Following from Fallen Angels...
Fando y Lis (Alejandro Jodorowski, 1968)
I'm about halfway through... It's tough going, not because it's in black and white, and in Spanish, and totally surreal à la Bunuel, but because of Lis' incessantly nagging "Fando, Fando..." And then there are some images that are downright obscene involving a doll... I usually watch DVDs while eating, but this is an appetite supressant. Not to say it isn't interesting, and I want to get through it to get to Jodorowski's commentary track. If I go by the one he did for El Topo, it's bound to be a fascinating.
These movies out of alphabetical order because I frequently spell Fahrenheit, Farenheit. Hey, I use metric.
Fahrenheit 451 (François Truffaut, 1966)
A classic that's dear to my heart because it used to air on some Quebec channel, in French, when I was a kid, on a show called Ciné-Quiz, which I guess asked questions about the featured film that people answered to get groovy prizes like kitchenettes and pharmacy gift certificates. As a bookish lad, the book burning certainly left an impression. Even today, the question of which book to "become" remains a fascinating one. Like Montag, I'd want to be Hamlet. How about you?
Fahrenheit 9/11 (Michael Moore, 2004)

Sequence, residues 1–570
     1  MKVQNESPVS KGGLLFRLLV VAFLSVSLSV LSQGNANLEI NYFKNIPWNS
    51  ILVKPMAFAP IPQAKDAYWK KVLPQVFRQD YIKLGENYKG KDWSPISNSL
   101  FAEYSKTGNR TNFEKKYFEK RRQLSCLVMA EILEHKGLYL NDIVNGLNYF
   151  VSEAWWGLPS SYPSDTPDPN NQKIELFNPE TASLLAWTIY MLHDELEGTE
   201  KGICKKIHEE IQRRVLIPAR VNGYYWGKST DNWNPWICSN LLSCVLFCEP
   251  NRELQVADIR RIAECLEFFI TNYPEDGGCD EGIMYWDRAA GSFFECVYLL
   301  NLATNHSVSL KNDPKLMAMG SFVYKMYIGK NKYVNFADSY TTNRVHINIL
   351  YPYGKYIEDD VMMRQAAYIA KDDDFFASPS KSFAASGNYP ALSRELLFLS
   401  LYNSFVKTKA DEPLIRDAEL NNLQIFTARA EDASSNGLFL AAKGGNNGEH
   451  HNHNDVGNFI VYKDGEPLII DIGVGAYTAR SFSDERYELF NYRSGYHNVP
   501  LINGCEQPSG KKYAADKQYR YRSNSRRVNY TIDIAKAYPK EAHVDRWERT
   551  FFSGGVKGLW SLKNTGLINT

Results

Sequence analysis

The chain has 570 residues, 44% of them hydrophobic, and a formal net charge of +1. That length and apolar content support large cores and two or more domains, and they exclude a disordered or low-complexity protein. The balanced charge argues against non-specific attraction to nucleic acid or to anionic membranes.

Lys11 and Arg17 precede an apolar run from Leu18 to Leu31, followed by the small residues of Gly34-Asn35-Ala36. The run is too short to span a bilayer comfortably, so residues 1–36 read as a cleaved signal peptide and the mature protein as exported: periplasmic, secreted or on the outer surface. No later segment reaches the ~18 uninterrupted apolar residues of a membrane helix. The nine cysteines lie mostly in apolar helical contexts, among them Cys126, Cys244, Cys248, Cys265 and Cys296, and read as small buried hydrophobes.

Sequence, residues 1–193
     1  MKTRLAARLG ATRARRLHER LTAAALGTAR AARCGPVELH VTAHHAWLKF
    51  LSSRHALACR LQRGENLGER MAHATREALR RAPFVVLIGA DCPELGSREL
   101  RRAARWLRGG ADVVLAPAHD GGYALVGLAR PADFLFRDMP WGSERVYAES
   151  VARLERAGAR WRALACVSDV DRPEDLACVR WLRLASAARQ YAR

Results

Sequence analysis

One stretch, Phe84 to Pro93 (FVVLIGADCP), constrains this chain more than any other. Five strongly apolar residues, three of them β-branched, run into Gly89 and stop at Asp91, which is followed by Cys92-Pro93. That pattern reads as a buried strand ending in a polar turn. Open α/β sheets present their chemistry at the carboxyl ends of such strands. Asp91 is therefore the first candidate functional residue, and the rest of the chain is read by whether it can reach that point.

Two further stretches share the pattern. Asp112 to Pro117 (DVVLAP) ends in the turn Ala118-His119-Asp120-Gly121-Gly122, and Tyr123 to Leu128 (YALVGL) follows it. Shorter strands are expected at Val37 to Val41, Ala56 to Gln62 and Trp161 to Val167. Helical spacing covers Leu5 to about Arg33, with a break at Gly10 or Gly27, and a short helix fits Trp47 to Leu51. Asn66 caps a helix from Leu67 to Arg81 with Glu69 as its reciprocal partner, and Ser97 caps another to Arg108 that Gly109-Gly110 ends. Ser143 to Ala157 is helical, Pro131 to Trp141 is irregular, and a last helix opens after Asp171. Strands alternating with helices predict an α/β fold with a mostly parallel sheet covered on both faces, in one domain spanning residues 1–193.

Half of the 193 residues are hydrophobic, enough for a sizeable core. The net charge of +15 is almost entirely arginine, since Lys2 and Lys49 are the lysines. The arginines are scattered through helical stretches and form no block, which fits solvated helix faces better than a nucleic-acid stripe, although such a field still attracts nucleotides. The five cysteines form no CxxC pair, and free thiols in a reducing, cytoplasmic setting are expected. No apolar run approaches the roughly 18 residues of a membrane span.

The film came out at the height of Michael Moore's notoriety and I remember seeing it in theaters with a roomfull of left-wing bleeding hearts like myself. Hey, it's Atlantic Canada, what can I say? With Moore's "passionate eye" approach, you take some, you leave some, but from a purely objective point of vue, I have to say how impressed I was by the opening. If you remember, the documentary starts out with clips of Bush, Rice, Chaney, et al. getting made-up just before a televised address or other. This creates the effect of casting them as the film's characters, and at the same time painting them with an air of insincerity. Well played, Mr. Moore, well played.
Fargo (Coen Bros., 1996)
My opinion about Fargo isn't all that different from others'. Though not my favorite Coen Bros. film, it's nonetheless probably the most accomplished, and is a wonderful showcase for both William H. Macey and Frances McDormand. The Coens very often have a scam going, like Blood Simple's fake commentary track or O Brother Where Art Thou's presumption that they'd ever read The Odyssey. In this case, they told people Fargo was based on a true story, but of course, it isn't. Not even a proper urban legend. I think these guys just like screwing over Entertainment Tonight and Access Hollywood for not doing any fact-checking.
Fifth Element (Luc Besson, 1997)
Upon first seeing The Fifth Element in theaters, I could tell right away that comics artist legend Moëbius had done some of the concept drawings, and thanks to the DVD, I can look at them directly. You know, I quite like this film, warts and all. It's got a lot of beautiful ideas, whether religious, satirical or visual. Of course, Bruce Willis' token gun scenes and Chris Tucker's.. uhm... performance... do keep it from being a masterpiece. Ah well. It's still a lot more inventive than 90% of the sf out there.
But what did YOU think? Next: Fight Club to Fog of War.